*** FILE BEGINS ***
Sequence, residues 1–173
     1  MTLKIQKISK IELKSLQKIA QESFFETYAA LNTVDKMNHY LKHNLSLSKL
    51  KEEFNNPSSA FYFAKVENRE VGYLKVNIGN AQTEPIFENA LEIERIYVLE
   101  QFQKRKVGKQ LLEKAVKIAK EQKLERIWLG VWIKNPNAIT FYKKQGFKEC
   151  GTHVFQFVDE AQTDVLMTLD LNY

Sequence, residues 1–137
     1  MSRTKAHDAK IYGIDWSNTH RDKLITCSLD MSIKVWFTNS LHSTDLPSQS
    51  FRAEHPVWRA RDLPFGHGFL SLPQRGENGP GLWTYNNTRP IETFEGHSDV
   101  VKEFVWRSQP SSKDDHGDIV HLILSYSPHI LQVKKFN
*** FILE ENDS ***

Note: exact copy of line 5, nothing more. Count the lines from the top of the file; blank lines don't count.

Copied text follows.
   151  GTHVFQFVDE AQTDVLMTLD LNY